His appearance is quite peculiar as his is behaviour. He looks at the bell when it does not ring and talks of a ghost. This is madness or suspicion as the bell sounds, signalling the coming of a spectre. They retreat to the signal box and from his long description you realise that he is quite a knowledgeable man "Worked at fractions and decimals".If he is so clever why is he a signalman? He is also a very skilled workman "Safest of men to be employed. These questions add mystery to his identity, which in turn builds up the suspense.

Possibly the fact that Dickens does not give the signalman a name shows that he is deemed unimportant to most people. Dickens may want us to counter this view so that we feel sympathetic towards the signalman and to think all humans beings are important to each other.Within their talk, the signalman looks outside toward the tunnel more than once. This creates expectancy of what's going to happen.

However, in the Judges House you feel the text is more predictable yet it keeps its sense of eeriness and fear about it.At the time of these books being published, was a time where many Victorians believed in the supernatural. This is displayed in both stories, as in the Judge's house, the picture of the judge disappeared from the frame and the narrator from the Signalman describes, " as if I had left the natural world".The dialect Dickens' uses in The Signalman are one of rich variety and descriptive language, whereas The Judge's House, the plot and dialect are simple but still have the effect of bringing a nightmarish quality about them.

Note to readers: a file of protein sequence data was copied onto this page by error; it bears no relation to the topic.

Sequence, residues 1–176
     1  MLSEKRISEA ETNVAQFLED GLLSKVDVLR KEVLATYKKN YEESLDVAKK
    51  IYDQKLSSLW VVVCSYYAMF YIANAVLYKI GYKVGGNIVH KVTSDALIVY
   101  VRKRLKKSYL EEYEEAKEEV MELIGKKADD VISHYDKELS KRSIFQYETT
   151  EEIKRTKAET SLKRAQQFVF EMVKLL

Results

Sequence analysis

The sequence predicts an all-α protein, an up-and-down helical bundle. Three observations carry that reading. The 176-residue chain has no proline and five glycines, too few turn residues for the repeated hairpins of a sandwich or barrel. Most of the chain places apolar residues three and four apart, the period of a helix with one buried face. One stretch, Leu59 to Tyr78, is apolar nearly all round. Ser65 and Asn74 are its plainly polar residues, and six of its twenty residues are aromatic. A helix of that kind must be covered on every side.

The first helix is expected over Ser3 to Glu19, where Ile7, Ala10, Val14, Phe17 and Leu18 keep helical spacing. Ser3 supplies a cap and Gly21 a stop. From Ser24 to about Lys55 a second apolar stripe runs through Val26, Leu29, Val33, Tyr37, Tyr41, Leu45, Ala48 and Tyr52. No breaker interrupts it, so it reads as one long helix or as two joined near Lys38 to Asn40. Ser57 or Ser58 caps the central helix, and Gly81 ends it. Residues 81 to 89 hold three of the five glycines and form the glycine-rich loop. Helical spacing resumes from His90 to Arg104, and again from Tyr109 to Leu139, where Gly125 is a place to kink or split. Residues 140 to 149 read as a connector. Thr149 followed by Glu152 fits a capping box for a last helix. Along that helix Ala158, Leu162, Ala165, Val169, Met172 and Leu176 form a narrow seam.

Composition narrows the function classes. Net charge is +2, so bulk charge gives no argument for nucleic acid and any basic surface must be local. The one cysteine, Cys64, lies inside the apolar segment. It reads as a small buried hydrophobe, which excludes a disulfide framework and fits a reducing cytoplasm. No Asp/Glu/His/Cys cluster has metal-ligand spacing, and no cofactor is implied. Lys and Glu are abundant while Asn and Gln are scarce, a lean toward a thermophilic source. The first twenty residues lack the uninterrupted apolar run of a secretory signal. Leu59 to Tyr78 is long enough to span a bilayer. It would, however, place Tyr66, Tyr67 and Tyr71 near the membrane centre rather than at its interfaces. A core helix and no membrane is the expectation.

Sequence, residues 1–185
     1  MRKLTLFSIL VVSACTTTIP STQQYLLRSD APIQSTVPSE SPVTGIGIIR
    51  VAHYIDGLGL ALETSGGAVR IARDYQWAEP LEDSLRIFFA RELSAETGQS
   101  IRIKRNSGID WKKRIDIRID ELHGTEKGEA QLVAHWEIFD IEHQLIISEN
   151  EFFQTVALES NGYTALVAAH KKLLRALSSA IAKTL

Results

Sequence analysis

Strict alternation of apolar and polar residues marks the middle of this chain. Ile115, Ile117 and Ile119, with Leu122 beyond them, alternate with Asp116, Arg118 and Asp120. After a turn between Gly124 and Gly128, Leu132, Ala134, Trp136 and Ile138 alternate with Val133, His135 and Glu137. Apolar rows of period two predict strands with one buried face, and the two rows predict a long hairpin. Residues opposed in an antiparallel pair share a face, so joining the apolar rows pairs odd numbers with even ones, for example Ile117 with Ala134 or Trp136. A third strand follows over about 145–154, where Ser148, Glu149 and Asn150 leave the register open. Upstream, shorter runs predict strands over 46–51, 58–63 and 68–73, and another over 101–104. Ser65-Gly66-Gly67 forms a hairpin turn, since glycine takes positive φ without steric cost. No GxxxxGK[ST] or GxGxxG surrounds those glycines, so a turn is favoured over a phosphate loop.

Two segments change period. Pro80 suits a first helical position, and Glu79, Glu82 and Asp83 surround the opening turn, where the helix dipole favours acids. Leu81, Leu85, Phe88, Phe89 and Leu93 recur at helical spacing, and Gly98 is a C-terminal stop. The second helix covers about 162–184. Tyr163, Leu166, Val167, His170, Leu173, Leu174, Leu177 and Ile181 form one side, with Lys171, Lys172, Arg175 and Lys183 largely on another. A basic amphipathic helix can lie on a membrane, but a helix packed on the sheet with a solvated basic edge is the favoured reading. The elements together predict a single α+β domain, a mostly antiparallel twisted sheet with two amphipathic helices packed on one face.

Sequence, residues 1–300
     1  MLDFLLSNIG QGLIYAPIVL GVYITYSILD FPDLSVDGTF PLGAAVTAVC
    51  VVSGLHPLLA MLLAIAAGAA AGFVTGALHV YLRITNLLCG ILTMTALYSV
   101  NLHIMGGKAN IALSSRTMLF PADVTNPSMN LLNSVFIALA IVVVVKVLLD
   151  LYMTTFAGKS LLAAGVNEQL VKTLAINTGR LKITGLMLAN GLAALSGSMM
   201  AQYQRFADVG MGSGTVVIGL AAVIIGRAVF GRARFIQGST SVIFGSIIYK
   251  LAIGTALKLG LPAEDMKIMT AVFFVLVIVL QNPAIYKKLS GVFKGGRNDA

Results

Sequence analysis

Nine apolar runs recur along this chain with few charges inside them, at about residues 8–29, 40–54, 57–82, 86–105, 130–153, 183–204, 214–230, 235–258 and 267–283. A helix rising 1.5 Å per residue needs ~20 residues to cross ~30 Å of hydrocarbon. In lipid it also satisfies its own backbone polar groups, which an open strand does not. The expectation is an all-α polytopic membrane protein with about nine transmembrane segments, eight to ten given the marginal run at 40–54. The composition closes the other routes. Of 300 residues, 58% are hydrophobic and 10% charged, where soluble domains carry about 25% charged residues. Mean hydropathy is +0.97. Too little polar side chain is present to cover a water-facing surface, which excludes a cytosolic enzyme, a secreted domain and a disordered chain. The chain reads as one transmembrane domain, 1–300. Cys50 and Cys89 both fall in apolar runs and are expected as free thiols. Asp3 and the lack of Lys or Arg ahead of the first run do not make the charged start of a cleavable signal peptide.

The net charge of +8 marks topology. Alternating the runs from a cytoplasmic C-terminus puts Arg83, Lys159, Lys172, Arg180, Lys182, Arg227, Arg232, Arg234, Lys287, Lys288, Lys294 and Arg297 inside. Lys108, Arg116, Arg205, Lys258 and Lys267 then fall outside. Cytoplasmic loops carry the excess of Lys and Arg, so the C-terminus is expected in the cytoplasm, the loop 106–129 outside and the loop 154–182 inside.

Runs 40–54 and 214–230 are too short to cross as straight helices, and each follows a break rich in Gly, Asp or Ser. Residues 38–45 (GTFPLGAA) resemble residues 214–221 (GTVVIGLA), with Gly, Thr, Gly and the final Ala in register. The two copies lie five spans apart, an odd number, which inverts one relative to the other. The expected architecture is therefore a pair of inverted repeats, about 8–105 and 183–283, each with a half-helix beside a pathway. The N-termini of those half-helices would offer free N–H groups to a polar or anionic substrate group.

Bram Stoker builds up suspense in The Judge's House by the fact that "the somethings" that Malcolm talks about gives you an image of someone or something constantly watching over you. Religion is significant in The Judge's House as Malcolm throws the bible at the "old devil", being the rat which myth has it, is empowered by the evil judge who previously lived in the house. The Judges House is built around this myth and suspicion. " an old devil! The old devil" cries out Mrs Witham, trying to instil fear into Malcolm.In addition to the eeriness, sound can also had to this strange affect.

This can be shown in The Judges House as the rats disturbed Malcolm with their "perpetual scampering".As has already been said the bad weather can also reflect the sounds and strange noises. For instance, "roar of thunder" and "rain like hail" as described in The Judge's House.Stereotype ghost stories have a victim or someone who suffers from the main events contained within the story. This stereotype is portrayed in The Signalman, where in fact the signalman is the victim here. We to feel the desperation and distraction of his ordeal.

He "wiped the drops from his forehead", displaying his nerves thus making us nervous.The isolation and the "enclosed space" in which he works in gives the reader to feel sympathetic towards him. His monotonous yet responsible job makes you think of why he sees these recurring visions of future events. Maybe the claustrophobia is related to what the narrator thinks is the signalman's madness but makes us feel anxious.